Earlier this month, the water level in Lake Oroville – California’s second-largest reservoir – was so low that dozens of houseboats were hauled out. There wasn’t enough water to hold them.
In a few weeks, officials say, the lake’s water levels are likely to dip even lower – forcing them to shut down one of the state’s largest hydroelectric power plants for the first time since it was built in 1967.
Amid a historic megadrought, the climate crisis and energy crisis in California are about to collide, and set off a vicious cycle. The state’s diminishing water supply is cutting down hydropower, and California is relying more on fossil fuels as extreme summer heat drives up electricity use.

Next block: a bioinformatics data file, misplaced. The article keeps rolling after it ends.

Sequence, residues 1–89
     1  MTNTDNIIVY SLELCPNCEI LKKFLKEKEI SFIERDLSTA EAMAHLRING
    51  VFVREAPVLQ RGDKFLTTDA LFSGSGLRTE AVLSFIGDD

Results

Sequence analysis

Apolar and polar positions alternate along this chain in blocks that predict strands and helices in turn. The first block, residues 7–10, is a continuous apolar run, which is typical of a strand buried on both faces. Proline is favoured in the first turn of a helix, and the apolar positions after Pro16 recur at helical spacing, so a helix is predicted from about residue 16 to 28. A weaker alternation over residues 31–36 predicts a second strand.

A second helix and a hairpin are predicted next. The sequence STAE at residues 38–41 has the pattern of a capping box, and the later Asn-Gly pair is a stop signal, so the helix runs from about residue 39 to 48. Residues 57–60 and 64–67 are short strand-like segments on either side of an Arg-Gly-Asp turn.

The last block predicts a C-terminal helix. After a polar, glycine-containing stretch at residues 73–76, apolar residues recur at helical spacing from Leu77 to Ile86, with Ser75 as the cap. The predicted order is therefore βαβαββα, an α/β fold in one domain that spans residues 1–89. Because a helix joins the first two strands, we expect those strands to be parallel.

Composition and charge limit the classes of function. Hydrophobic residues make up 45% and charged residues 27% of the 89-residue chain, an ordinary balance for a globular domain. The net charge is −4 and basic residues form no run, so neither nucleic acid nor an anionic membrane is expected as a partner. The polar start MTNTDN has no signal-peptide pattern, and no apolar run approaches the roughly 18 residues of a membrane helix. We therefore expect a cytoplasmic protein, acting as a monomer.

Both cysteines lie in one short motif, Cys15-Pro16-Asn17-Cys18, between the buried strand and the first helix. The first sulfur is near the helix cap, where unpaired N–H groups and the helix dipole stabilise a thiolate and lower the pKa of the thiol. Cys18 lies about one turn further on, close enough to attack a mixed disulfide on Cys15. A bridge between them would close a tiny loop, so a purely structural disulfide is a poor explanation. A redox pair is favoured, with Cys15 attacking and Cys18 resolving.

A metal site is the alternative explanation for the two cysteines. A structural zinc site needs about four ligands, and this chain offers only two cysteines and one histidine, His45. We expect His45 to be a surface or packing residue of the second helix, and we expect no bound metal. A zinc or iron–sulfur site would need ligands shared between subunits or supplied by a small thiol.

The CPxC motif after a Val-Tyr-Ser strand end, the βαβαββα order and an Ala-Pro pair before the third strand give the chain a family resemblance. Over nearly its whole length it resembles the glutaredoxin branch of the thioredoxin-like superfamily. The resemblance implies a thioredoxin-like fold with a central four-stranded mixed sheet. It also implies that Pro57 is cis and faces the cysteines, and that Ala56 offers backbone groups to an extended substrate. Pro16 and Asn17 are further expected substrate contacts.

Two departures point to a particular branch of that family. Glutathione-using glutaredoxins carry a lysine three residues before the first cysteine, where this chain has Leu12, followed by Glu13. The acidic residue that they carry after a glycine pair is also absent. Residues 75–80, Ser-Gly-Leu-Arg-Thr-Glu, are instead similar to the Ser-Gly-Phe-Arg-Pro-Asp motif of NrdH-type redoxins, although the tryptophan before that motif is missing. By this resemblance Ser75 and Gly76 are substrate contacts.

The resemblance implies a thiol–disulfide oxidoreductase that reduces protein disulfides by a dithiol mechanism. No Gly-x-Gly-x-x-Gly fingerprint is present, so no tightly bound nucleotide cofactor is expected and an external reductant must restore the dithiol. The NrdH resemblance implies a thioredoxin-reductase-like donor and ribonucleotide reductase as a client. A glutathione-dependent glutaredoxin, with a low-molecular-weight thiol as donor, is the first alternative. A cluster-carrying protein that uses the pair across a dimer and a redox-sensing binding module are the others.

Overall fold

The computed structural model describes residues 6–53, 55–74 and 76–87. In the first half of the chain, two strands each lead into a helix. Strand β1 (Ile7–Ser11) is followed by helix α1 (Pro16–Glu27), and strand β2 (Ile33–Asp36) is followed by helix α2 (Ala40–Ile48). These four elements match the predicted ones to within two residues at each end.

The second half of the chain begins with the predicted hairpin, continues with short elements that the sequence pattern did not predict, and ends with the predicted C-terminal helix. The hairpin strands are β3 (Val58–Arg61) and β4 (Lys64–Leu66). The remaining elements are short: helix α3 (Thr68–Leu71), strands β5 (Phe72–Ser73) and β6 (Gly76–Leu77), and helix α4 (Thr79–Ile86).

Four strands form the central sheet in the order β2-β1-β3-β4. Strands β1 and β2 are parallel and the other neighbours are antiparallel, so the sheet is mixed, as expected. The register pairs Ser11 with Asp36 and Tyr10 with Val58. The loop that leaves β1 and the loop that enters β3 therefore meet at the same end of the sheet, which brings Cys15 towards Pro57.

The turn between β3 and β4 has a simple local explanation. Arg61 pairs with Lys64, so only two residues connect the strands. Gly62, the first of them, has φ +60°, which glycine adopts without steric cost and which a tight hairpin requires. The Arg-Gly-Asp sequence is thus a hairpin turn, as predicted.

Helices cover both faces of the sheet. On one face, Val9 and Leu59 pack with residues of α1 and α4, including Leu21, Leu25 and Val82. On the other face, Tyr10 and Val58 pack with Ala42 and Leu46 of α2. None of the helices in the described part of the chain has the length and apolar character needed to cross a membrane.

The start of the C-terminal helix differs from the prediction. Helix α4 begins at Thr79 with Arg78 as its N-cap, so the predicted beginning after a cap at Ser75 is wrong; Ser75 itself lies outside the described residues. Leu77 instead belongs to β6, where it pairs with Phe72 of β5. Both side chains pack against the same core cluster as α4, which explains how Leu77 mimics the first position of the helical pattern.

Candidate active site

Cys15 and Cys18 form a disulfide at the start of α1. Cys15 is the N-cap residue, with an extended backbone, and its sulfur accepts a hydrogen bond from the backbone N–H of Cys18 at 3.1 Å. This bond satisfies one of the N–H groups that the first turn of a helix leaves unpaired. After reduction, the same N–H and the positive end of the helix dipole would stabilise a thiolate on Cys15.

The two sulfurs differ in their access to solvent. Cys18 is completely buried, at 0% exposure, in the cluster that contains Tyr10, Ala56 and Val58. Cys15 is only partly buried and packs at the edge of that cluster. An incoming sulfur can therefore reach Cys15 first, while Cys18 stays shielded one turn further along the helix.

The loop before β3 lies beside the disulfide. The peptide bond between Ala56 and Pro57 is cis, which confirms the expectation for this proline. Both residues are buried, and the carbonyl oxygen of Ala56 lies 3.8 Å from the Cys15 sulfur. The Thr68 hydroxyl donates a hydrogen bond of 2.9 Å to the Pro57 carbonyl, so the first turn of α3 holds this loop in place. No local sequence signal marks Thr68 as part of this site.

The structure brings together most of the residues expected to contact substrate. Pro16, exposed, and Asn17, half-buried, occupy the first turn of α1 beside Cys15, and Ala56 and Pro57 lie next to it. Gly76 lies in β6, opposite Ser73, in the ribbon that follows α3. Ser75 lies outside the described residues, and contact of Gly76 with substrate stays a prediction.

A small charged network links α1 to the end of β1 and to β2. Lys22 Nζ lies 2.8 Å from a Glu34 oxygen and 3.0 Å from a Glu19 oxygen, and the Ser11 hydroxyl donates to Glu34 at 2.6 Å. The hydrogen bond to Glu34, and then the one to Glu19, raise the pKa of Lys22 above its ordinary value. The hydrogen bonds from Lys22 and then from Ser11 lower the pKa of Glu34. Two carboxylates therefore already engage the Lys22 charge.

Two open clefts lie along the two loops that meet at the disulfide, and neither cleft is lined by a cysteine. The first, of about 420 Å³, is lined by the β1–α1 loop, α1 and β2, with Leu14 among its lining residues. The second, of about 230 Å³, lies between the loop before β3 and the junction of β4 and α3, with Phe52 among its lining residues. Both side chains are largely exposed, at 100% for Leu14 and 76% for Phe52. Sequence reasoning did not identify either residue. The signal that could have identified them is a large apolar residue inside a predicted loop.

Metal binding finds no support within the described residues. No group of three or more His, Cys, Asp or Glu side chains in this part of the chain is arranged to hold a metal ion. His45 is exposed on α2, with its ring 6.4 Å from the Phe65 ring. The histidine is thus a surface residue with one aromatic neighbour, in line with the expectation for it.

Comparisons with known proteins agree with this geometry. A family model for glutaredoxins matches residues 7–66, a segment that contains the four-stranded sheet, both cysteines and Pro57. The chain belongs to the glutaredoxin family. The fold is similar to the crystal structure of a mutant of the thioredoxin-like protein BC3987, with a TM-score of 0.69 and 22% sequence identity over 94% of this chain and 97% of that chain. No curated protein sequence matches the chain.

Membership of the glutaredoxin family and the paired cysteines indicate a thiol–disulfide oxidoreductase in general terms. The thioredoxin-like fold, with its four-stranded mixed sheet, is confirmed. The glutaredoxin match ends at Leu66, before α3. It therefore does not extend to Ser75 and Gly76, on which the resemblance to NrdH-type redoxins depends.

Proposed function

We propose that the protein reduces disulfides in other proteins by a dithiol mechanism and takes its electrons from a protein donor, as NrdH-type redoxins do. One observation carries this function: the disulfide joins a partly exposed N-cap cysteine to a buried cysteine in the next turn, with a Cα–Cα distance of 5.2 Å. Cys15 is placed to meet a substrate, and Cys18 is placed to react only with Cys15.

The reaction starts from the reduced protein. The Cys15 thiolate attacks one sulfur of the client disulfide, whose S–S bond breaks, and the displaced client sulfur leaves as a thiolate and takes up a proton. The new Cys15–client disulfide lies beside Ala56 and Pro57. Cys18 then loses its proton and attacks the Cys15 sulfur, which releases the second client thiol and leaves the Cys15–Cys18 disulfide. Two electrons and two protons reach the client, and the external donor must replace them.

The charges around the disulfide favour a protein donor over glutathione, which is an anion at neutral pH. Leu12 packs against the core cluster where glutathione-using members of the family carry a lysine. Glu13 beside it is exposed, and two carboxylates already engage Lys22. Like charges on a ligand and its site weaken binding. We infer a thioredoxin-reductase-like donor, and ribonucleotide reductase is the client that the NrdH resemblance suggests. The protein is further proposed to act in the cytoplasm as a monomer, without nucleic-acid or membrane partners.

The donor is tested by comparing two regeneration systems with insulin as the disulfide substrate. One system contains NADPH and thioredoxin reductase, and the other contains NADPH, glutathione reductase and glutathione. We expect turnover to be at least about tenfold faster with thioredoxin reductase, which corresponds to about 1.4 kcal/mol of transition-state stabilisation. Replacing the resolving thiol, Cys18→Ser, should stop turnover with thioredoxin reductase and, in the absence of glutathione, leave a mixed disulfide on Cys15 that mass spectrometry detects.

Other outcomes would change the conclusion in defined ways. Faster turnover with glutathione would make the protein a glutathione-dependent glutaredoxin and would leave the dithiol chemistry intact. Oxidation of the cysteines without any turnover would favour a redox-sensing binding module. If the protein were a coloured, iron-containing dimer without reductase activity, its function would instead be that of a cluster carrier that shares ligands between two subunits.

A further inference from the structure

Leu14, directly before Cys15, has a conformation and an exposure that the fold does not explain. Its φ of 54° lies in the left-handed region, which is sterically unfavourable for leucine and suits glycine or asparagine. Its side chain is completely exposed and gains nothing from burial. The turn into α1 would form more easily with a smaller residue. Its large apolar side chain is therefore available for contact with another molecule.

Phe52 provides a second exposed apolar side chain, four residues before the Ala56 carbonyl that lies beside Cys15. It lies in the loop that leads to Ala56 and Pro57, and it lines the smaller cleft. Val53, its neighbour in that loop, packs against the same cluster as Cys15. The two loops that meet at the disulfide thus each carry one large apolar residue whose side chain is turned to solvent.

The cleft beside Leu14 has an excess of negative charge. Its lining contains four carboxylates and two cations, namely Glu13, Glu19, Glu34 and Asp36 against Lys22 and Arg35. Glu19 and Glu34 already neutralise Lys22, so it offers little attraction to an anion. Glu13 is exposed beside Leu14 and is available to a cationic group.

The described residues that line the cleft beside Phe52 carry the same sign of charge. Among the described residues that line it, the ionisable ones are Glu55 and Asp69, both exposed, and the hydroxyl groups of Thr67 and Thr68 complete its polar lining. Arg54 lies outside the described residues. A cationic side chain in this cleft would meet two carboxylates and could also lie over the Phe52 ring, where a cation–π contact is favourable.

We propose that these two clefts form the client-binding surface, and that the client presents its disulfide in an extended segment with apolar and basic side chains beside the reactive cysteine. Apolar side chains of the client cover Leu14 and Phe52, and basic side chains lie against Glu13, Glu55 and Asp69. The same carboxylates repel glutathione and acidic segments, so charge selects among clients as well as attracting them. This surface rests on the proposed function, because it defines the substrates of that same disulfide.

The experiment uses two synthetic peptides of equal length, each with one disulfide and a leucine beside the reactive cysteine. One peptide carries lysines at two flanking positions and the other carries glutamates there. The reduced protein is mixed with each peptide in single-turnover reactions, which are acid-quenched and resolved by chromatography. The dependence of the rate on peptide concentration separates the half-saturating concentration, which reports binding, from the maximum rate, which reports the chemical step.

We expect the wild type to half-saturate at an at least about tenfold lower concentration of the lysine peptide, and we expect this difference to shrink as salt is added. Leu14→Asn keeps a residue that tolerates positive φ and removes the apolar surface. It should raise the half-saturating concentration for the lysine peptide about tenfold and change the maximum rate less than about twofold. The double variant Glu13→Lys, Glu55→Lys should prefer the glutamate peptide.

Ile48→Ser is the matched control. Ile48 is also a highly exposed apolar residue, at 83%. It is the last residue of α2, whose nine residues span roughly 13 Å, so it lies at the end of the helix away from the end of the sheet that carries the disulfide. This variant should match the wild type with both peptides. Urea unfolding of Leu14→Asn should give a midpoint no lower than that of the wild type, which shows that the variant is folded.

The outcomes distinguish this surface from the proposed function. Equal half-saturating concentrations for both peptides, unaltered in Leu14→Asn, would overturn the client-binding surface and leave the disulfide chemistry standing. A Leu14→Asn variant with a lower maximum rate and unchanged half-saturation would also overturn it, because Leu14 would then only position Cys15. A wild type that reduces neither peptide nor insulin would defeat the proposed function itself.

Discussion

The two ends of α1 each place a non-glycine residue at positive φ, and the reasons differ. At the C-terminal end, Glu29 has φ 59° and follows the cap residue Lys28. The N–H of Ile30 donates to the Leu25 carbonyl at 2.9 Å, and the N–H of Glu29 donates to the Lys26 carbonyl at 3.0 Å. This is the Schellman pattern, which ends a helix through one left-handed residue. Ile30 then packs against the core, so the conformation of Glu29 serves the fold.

“This situation really highlights the ways in which climate and energy and water are all very tightly linked,” said Noah Diffenbaugh, a climate scientist at Stanford University. With meteorologists anticipating a hot, fiery summer, experts say that cuts to hydropower will increase pressure on the state’s already-stressed power grid, as residents across the region crank up their air conditioners. And as drought desiccates the west, the state’s increasing reliance on gas-fired plants could also compromise its goal of transitioning to carbon-free electricity.